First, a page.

Who would have thought that one of our most popular posts would be Mongolian dumplings? That savory little Buuz recipe gets the greatest number of hits and our statistics show that tons of people are directed to our blog because they are looking for Buuz or Mongolian dumpling recipes. By the way, the folks at Food Porn Daily thought Buuz was one of our posts worthy of being a feature.
I challenged Oli to find another interesting, unusual dish that would generate as many queries and visits to the blog. Always up for a challenge, (as people who play scrabble or backgammon with him will attest) he accepted.
He landed in Central Asia again. This time in Mongolia’s neighbor Kyrgyzstan. Again, there is dough involved and a savory filling and the dish is steamed. It’s an everyday dish called oromo. A simple pasta dough is rolled out paper thin, strewed with a filling that can range from meat and rice to seasonal vegetables (I say you can use your imagination and take the filling where you would like) then rolled up jelly roll fashion and steamed.
In Kyrgyzstan the filling is usually mutton, onions and some sweet pumpkin. Oli’s version combines lamb (you could use beef as well), onions, and carrots for a touch of sweetness. Parsley brightens brightens the mix.
He paired the oromo with a refreshing cucumber, garlic and yogurt tzatziki.
Gotta tell ya, he met the challenge and I think he hit this one out of the park. What do you think?
Basic Pasta recipe
Begin by making the pasta dough.
You don’t need a pasta machine. After you make the dough, divide it in half and just roll it out using a rolling pin. Next make the filling. While the Oromo is steaming, make the tzatziki.
1/2 pound lamb or beef, ground or minced
1/2 cup finely chopped parsley
1 cup finely chopped onion
1 cup finely diced carrot
1 teaspoon salt
1/2 teaspoon coarsely ground black pepper
Vegetable oil to coat the steamer basket
Oli used a 9 1/2-inch steamer. If you use another size, roll your dough to a size that will fit in your steamer basket.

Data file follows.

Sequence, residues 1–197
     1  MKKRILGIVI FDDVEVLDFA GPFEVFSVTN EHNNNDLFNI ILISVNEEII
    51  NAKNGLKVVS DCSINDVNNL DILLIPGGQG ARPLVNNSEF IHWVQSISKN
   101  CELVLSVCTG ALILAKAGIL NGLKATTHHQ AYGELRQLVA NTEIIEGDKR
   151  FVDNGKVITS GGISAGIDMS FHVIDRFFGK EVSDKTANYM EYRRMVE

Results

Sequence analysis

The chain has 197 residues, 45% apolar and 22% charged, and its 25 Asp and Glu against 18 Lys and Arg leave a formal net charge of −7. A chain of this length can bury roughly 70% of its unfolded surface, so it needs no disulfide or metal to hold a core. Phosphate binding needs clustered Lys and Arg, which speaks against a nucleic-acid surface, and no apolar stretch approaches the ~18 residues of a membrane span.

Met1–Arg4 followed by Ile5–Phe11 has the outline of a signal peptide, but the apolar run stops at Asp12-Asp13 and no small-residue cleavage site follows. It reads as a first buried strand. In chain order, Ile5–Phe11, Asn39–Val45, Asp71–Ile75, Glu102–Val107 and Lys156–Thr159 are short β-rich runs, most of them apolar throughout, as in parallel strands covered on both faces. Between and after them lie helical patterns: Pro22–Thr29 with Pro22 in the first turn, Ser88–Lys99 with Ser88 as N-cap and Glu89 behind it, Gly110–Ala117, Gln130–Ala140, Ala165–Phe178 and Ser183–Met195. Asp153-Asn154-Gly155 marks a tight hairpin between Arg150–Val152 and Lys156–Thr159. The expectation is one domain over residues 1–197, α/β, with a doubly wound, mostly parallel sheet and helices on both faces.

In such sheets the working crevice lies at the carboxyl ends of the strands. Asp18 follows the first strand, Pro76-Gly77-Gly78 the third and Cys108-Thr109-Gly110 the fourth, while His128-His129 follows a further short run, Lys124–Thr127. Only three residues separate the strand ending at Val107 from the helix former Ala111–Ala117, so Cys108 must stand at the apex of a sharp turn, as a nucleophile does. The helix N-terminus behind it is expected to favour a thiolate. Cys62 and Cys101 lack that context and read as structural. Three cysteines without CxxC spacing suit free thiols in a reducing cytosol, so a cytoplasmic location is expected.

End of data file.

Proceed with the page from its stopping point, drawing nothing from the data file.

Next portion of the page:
1. Mix meat, parsley, onion, carrot, salt and pepper together in a large bowl.
2. Roll out pasta dough into two 12×16-inch rectangles. Dough should be “see through” thin.
3. Divide the filling onto each pasta sheet and evenly spread it leaving about a one inch margin on each of the longer sides. Fold those sides in and begin rolling the dough (jelly roll fashion) from the shorter end.
4. Lightly tamp down the roll. Don’t squash it, just compact it a little.
5. Brush the surface of the steamer basket with oil.
6. Carefully settle the roll into the basket and cover with steamer lid.
7. Fill a soup pot large enough to accommodate the steamer basket with water that will come up to about 1/2-inch below the bottom of the basket and bring to a boil and carefully place covered basket into the pot. Water level should be deep enough that it doesn’t evaporate during cooking and not so high that it boils up onto the surface of the basket. Reduce heat so that water simmers and steam oromo for 50 minutes. Check every once in a while that you have enough water in the bottom of the pot. Add water as necessary.
You will have to slightly increase or decrease your cooking time if you make a larger or smaller roll.
Now you are ready to make the tzatziki.
1 cup Turkish or Greek yogurt
1 tablespoon grated garlic
1 teaspoon salt
1. Peel cucumber and cut in half lengthwise. Use a spoon to scoop out the seeds. Just start at one end and drag the spoon to the other end of the cucumber – seedless in no time.
3. Place grated cucumber in cheesecloth or thin tea towel and squeeze out as much liquid as you can.
4. Mix cucumber, yogurt, garlic and salt together in a medium bowl.
The oromo should be ready to plate now.
Carefully move the oromo from the steamer to a cutting board. You can use a wide spatula to help move it in one piece.